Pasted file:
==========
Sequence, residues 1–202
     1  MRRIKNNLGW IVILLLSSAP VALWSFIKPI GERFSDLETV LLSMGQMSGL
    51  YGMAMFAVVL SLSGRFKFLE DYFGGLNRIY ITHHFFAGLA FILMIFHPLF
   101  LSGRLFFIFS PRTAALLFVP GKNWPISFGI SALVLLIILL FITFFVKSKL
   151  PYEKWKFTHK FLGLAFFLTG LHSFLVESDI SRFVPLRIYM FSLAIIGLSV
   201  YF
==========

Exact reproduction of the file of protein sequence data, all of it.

Sequence, residues 1–202
     1  MRRIKNNLGW IVILLLSSAP VALWSFIKPI GERFSDLETV LLSMGQMSGL
    51  YGMAMFAVVL SLSGRFKFLE DYFGGLNRIY ITHHFFAGLA FILMIFHPLF
   101  LSGRLFFIFS PRTAALLFVP GKNWPISFGI SALVLLIILL FITFFVKSKL
   151  PYEKWKFTHK FLGLAFFLTG LHSFLVESDI SRFVPLRIYM FSLAIIGLSV
   201  YF